In February 1995, the Bureau of Industry Economics published an evaluation of the PFD and FTA programs. In which it recommended that both programs be continued, but that their "unwarranted emphasis on the information technology and telecommunications sector's trade balance outcome" should cease.

Beginning on February 1, 1992, the Australian Government implemented a "restricted systems integration panel" (RSIP) scheme. The RSIP was a panel of 15 selected private companies through which all commonwealth information technology requirements involving systems integration activity were to be sourced, except for purchases with an estimated value of less than $1 million. Late in 1994, an interagency review of the RSIP found that the scheme had not made a significant contribution to industrial development. The RSIP was disbanded, and the new "information technology services common use contract panel "(ITSCUCP) was formed in 1995. It will be used by Australian agencies in planning and implementing information technology purchases. Membership in the new panel is much broader than the old RSIP. Any information technology company may join upon demonstrating acceptable levels of Australian product development, investment in capital equipment, skills development and/or services support, and local sourcing. Potential members of the ITSCUCP also will be evaluated on their Australian R&D activities, export orientation, and development of relationship with Australian and New Zealand suppliers and consumers. The ITSCUCP is too new to evaluate from the perspective of its impact on foreign access to Australia's government information technology market.

In December 1992, the Government of Australia announced an initiative requiring government business enterprises (GBEs -- central government-owned companies such as Air Services Australia) to consider industrial development objectives such as "developing local industry capabilities" and export potential in their procurement activities. The idea is to allow "local companies the maximum opportunity to compete for government business consistent with the commercial objectives of GBEs and the need to obtain value for money." While the new policy does not specifically direct GBEs to give preference to local suppliers, it does bias them towards buying locally and favoring one major-project bidder over another if its package of incentives for the development of local industry is superior to that of its competitor based on past experience. This new policy has become a significant element in determining the procurement choices of GBEs, and will potentially influence decisions on millions of dollars worth of imports.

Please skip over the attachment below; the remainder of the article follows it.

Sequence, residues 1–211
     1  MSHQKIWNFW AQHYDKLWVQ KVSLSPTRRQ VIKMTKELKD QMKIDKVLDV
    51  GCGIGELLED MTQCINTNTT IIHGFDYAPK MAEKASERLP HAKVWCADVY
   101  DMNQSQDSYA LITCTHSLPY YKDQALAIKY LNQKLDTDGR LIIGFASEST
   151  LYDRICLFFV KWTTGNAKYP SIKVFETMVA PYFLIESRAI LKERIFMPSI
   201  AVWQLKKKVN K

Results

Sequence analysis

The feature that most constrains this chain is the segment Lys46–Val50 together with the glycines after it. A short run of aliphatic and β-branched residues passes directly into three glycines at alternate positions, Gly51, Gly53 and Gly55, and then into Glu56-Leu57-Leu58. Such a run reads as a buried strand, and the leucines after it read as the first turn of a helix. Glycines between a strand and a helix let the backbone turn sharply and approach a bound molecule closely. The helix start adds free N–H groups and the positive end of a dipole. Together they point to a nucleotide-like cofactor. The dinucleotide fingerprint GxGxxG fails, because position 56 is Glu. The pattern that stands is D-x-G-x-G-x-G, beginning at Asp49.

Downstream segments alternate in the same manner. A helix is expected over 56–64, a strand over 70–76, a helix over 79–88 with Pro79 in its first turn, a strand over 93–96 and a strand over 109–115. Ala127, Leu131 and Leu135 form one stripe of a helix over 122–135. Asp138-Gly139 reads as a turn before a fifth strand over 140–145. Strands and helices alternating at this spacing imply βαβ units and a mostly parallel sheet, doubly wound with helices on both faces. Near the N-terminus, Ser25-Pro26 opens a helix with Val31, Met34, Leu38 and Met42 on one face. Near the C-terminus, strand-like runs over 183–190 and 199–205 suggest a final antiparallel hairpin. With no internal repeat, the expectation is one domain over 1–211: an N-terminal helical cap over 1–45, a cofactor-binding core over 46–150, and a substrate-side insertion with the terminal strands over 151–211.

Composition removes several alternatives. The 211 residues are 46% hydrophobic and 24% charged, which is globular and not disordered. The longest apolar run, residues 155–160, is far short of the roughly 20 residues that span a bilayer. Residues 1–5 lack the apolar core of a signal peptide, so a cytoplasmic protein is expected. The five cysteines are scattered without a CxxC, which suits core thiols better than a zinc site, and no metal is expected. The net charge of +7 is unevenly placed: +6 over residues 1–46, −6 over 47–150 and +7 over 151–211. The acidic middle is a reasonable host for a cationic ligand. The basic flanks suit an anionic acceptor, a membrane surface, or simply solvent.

Further, the Government's May 1994 employment and industry policy statement strengthens such efforts to use government procurement policy to encourage local industrial development. It creates an endorsed suppliers arrangement for day-to-day government purchases of major office machines under common use contracts. Under this arrangement, prospective vendors will be assessed for inclusion on the list of endorsed suppliers in relation to their commitment to"world's best practice" -- i.e., standards, quality and service, and commitment to long-term, commercially sound Australian activities and compliance with government policies. The mandatory requirements that suppliers will need to satisfy for "long term activity" are: product development; investment in capital equipment, skills development and service support; and sourcing products and services locally. Non-mandatory factors which will be evaluated in judging applicants for endorsed supplier status include: R&D activities; export orientation; and technology transfer.